Nevada eliminated its asset limit in 2009 and did not see a resulting influx of SNAP enrollees, said Brian Burton, who spent 11 years as CEO of Three Square Food Bank, the largest food bank in Nevada. Burton became CEO of the Arkansas Food Bank in October 2022.
SNAP provides 12 meals for every meal provided by the Arkansas Food Bank, which serves more than 200,000 people, Burton said while speaking for Senate Bill 306 in Wednesday’s committee meeting.
Raising the asset limit should help not only the working poor but also “vulnerable seniors” and people who have experienced unexpected financial hardships, Burton said.
“I know many of you love the faith-based charities and nonprofits that feed and serve people and make your communities more humane and more livable,” he told the committee. “They’re going to really appreciate you lifting the asset limit because it’s going to ease a little bit of the overextended client loads that they’re having to serve right now.”
Food insecurity is one of the foremost health issues facing children in Arkansas, Anna Strong told the committee on Wednesday.
Strong is the executive director of the Arkansas chapter of the American Academy of Pediatrics. She said pediatricians have seen how families that cross the existing SNAP asset limit subsequently struggle to feed their children.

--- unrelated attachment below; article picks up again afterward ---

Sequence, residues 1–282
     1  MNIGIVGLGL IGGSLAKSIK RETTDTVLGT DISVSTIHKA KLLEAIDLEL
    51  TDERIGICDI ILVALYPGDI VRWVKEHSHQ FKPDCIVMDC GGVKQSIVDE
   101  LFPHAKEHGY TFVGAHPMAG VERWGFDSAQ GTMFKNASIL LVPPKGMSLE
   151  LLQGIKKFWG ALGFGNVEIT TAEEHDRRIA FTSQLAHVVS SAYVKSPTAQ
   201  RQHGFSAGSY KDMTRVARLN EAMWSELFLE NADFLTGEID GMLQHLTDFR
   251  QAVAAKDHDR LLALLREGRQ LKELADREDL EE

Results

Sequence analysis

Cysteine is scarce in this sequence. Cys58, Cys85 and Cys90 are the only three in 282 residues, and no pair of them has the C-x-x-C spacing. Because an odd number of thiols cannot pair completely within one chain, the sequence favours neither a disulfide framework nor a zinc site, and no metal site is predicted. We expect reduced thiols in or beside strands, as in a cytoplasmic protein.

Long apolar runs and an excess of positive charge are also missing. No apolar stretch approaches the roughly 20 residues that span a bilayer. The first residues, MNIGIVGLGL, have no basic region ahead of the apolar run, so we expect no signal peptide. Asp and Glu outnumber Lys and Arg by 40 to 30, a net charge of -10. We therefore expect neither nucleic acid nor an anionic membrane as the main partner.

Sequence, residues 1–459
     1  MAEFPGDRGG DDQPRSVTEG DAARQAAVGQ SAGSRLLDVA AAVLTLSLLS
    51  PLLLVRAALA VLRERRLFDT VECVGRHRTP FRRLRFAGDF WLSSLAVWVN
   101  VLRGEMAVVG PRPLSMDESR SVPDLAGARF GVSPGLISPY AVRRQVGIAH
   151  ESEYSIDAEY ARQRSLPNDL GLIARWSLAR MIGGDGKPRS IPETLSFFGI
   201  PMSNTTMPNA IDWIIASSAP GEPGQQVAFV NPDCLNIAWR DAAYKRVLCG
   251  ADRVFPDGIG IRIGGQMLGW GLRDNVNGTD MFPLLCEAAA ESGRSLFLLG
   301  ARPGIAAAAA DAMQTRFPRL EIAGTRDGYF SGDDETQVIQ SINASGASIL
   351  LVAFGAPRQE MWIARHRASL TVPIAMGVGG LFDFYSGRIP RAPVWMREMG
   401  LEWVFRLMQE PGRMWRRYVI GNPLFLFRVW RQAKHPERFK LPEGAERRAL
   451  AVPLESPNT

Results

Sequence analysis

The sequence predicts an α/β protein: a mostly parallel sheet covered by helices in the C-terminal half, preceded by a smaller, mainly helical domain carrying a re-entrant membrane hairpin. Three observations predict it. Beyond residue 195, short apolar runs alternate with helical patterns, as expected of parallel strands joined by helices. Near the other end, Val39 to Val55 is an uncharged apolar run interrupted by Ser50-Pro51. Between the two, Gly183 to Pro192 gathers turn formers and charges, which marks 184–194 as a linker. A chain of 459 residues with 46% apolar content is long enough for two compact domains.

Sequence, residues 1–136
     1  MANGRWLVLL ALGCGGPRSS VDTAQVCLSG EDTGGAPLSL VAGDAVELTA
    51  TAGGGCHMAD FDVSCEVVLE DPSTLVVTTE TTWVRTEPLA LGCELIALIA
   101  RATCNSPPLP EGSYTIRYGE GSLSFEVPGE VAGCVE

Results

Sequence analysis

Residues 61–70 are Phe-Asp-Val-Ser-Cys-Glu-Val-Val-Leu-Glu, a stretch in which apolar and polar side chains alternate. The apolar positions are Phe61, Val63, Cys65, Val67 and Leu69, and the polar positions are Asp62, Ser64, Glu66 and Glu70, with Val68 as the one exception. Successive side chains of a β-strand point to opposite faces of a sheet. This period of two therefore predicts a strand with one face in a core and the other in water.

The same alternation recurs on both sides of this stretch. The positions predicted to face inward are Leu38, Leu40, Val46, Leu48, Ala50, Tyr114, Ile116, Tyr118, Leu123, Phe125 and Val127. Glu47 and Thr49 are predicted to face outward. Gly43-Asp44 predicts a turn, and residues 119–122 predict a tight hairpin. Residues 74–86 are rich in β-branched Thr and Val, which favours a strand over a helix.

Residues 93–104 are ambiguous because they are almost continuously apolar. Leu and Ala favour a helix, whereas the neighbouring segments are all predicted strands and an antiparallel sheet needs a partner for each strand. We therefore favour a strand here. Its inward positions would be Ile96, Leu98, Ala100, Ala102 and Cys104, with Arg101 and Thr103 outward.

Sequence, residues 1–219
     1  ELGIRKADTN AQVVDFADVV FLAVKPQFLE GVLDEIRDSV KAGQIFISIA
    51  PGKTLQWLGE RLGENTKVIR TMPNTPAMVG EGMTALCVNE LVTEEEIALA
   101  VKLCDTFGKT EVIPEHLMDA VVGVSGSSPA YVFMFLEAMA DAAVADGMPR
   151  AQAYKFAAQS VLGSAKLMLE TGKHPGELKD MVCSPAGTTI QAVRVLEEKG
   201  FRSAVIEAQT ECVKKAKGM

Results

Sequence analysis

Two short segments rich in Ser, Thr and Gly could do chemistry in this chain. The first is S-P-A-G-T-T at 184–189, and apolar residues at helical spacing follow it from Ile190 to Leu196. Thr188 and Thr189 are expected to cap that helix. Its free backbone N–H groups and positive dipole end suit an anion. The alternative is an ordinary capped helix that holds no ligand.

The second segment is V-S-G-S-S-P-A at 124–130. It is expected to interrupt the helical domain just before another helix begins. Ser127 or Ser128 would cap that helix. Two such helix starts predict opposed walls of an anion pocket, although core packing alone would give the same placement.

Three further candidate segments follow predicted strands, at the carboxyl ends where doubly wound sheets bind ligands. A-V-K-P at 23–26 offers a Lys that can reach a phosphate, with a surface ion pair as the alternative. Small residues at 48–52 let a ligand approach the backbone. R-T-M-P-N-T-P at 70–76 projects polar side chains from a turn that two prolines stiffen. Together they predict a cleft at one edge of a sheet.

“Some practices have even established emergency shelf-stable food pantries in their clinics to help families who don’t have food to put on their tables that evening,” she said.
Strong and Burton were the only people to speak for the bill before the committee, and no one spoke against it.
Adult SNAP recipients in Arkansas must meet some work requirement unless they are over 60 years of age or qualify for an exemption, like having a disability, raising children or going to school.
Some senators who “were hesitant about” Senate Bill 306 were not aware of the work requirement before Dismang told them, he said.
“Some say, ‘I’ll do one better: you’ve got to register to work in order to receive food stamps,’ [but] it’s already here,” Dismang said on the Senate floor.
Sen. Tyler Dees (R-Siloam Springs) asked Dismang if increasing the SNAP asset limit would “create a dependency on welfare of any nature.”
Dismang said that would not happen.
“Common sense will tell you that it does the exact opposite,” he said. “If we’re not allowing people to have nest eggs and savings at home to try to divert from a crisis that may or may not occur, we’re creating essentially a weight that’s held on their head to keep them underneath the water and in poverty.”
Not every family receiving SNAP aid might be saving money meticulously, Dismang said, but the state should “reward those few that do.” He also said every Republican that has campaigned as a “common-sense conservative” should support the bill.
Nine Republicans, including Dees, voted against the bill. Five Republicans voted present: Joshua Bryant of Rogers, Ronald Caldwell of Wynne, Alan Clark of Lonsdale, Steve Crowell of Magnolia and John Payton of Wilburn.
The bill passed the Senate with 21 votes for it: 15 Republicans and all six Democrats.
Senate Bill 306 will go before the House Public Health, Welfare and Labor Committee after next week’s Spring Break, with Rep. DeAnn Vaught (R-Horatio) as the primary House sponsor.
Sen. Clarke Tucker and House Minority Leader Tippi McCullough, both Little Rock Democrats, are the bill’s co-sponsors.